Honestly, i had to disable more than half of Vista 64's "features" (retail copy, not pre-tweaked in any way) to have it feel right. I kept Aero (actually Aero and DX10 are the only reasons i run Vista), but disabled all its animations and stuff. And then i found myself doing half of my stuff in a 32-bit XP VM, because just about everything except Crysis, Opera and Solitaire, crashes under Vista. And no, it's not due to my tweaking, i reverted to out-of-the-box configuration yet it still does the same.
Vista does a fine job of adjusting itself to your hardware configuration but it can't make miracles if you're running it on underpowered hardware. People such as yourself always want to have all the latest and greatest but don't want to invest in the hardware needed to run it properly. It's funny, on my machine, I run Vista 64 Ultimate that has more "features" then any other version of windows. On top of that, I usually multitask to the point where I have over a hundred something processes running simultaneously. Not to mention that while I'm doing all of that, I'm often doing things like transcoding DVDs in the background. Yet, even with all that going on, Vista is faster on my machine then XP was. You take a F1 driver, throw him into a Pinto and expect him to win the world cup.

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As a matter of fact i had the SCSI controller disabled in the BIOS, but XP was still detecting it.
I think there's a higher chance that you didn't disable the right items in the BIOS more then there are that XP was detecting disabled items.

Fine, genius. BIOS shots coming right up. Point out what i did wrong.

I'm willing to bet if we interviewed any of those people, they'd pretty much say anything because they probably don't even know what they need or not in terms of windows components. I'm sure that if asked today they neither know what a batch file is nor do they remember where or what those icons you told them about are.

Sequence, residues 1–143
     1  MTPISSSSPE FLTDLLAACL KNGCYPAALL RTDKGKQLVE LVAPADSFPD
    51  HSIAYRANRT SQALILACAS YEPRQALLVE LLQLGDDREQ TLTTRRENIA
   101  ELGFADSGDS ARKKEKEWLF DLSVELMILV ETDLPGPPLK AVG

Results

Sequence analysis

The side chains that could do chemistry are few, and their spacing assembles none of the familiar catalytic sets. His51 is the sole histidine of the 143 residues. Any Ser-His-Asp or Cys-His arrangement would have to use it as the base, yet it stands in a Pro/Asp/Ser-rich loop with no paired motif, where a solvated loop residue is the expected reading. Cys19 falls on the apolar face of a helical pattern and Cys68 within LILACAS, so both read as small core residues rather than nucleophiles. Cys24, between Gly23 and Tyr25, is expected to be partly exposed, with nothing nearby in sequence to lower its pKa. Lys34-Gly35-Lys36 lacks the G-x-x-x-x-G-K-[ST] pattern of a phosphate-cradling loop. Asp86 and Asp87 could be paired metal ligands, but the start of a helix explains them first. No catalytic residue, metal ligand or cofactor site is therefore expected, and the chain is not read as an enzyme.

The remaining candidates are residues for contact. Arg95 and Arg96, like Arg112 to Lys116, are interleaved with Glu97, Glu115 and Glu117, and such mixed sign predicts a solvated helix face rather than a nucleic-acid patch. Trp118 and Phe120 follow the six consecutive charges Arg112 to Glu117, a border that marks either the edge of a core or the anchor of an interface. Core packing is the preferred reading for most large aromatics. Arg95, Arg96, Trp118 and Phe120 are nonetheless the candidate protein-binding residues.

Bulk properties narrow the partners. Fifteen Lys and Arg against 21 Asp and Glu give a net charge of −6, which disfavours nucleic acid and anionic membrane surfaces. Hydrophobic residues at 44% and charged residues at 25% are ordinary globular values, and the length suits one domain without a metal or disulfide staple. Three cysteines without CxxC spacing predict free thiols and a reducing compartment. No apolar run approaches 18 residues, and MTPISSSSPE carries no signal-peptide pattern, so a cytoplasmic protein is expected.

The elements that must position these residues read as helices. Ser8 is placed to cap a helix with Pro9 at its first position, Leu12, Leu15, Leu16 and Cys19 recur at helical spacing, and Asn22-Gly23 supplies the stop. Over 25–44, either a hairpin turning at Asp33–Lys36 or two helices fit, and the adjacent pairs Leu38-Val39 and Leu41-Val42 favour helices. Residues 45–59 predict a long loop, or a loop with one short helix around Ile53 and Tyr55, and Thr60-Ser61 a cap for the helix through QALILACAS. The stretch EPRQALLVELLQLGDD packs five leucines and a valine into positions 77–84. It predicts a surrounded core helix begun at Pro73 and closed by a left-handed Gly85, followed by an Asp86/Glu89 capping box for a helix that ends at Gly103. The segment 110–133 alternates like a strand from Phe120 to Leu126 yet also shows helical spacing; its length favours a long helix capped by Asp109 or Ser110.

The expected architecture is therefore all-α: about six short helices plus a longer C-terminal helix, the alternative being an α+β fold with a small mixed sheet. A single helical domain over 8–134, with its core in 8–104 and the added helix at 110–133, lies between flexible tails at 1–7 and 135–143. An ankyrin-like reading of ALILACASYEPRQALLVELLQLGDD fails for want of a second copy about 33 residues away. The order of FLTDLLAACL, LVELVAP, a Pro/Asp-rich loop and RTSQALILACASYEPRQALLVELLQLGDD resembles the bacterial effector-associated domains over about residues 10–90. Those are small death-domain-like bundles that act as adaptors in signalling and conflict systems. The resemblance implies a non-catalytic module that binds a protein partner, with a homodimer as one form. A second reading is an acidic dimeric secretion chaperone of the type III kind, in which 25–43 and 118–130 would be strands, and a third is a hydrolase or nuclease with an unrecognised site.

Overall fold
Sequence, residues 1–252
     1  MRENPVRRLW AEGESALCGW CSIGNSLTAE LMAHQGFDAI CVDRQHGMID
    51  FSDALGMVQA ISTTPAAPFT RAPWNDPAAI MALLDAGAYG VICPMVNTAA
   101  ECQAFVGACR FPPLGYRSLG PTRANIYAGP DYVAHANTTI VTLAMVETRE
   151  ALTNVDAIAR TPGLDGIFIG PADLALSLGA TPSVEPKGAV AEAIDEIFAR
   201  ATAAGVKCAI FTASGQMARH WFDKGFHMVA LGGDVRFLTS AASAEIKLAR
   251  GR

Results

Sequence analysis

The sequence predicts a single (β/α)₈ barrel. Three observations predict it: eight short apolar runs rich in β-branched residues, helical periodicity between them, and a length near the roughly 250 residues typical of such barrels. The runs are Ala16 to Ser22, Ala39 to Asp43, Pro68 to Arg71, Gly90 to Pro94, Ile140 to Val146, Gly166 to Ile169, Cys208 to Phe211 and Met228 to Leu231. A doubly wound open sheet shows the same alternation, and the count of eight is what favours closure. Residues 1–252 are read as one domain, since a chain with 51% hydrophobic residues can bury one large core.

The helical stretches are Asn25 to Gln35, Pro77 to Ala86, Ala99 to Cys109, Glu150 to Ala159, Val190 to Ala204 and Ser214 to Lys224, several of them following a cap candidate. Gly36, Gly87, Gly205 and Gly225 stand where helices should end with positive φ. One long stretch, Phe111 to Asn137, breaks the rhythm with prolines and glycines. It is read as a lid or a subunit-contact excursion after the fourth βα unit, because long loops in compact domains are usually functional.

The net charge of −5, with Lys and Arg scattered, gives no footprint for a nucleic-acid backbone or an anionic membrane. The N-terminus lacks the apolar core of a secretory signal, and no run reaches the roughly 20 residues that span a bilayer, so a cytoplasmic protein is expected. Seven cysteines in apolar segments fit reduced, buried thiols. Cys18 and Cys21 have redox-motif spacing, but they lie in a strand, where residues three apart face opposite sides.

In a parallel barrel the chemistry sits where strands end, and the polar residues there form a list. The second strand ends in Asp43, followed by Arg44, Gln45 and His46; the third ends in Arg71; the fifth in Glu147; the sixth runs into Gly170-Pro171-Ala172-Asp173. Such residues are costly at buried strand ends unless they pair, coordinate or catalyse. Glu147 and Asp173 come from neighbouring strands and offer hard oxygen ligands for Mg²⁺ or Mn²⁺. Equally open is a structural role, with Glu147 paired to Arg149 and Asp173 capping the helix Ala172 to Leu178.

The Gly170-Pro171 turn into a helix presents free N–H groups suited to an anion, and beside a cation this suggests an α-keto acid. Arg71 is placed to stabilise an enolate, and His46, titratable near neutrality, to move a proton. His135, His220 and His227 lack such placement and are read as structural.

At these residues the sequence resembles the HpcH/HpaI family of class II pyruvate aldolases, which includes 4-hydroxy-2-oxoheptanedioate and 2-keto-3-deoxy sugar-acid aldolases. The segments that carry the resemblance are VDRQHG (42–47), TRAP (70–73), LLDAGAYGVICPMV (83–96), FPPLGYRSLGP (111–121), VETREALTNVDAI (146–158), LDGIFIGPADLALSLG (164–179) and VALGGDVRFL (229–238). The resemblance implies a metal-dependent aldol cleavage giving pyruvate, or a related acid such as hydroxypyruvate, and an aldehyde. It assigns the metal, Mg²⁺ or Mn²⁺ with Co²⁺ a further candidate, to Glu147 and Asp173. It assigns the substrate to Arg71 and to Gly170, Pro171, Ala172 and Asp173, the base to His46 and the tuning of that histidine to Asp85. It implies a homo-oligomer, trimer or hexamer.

You know what, i was lying about the batch files. I rarely do things like that, and only do them to people who know what this stuff is about. And if you leave a big "CLICK HERE TO MAKE THAT WORK" icon, you can be sure everyone's gonna notice it.

People tune their OWN cars, not their neighbour's. I don't walk around the neighbourhood trying to see if I can help one guy get an extra 2 miles a gallon on his drive to work.

I don't walk around my neighborhood tweaking XP installs either. On the other hand, if someone asks me to, i do it.

Vista does a fine job of adjusting itself to your hardware configuration but it can't make miracles if you're running it on underpowered hardware. People such as yourself always want to have all the latest and greatest but don't want to invest in the hardware needed to run it properly. It's funny, on my machine, I run Vista 64 Ultimate that has more "features" then any other version of windows. On top of that, I usually multitask to the point where I have over a hundred something processes running simultaneously. Not to mention that while I'm doing all of that, I'm often doing things like transcoding DVDs in the background. Yet, even with all that going on, Vista is faster on my machine then XP was. You take a F1 driver, throw him into a Pinto and expect him to win the world cup.

Look at my sig, first computer. Do you think that is underpowered for Vista Ultimate 64? I don't have money for Raptors, but shouldn't a 3.5GHz dual core and 6GB RAM be enough? I'll get an E8400 soon and will take it over 4GHz, maybe that will be better. But other than this CPU upgrade i really haven't got money for Raptors, SSDs or the like. I REFUSED to upgrade to Vista till i got the extra 4GB RAM, i ran XP SP2.

I don't multitask to the point that i have 100 processes open (i suppose more than half of that are Windows processes in your case) but i do run a few BIG apps at the same time (Photoshop + Sound Forge + XVI32 on 20-200MB files), and 3 virtual machines. They work fine, but stuff like AVIPreview or VirtualDub (even the x64 version) or OllyDbg crash mysteriously, so i run them in the XP 32 virtual machine, which is considerably slower.

I didn't say Vista 64 is slower than XP. With all that RAM (and yes it is dual channel, 2x 1GB + 2x 2GB) it runs faster than XP 32-bit which would only be able to see half the RAM anyway, however it's much more buggy.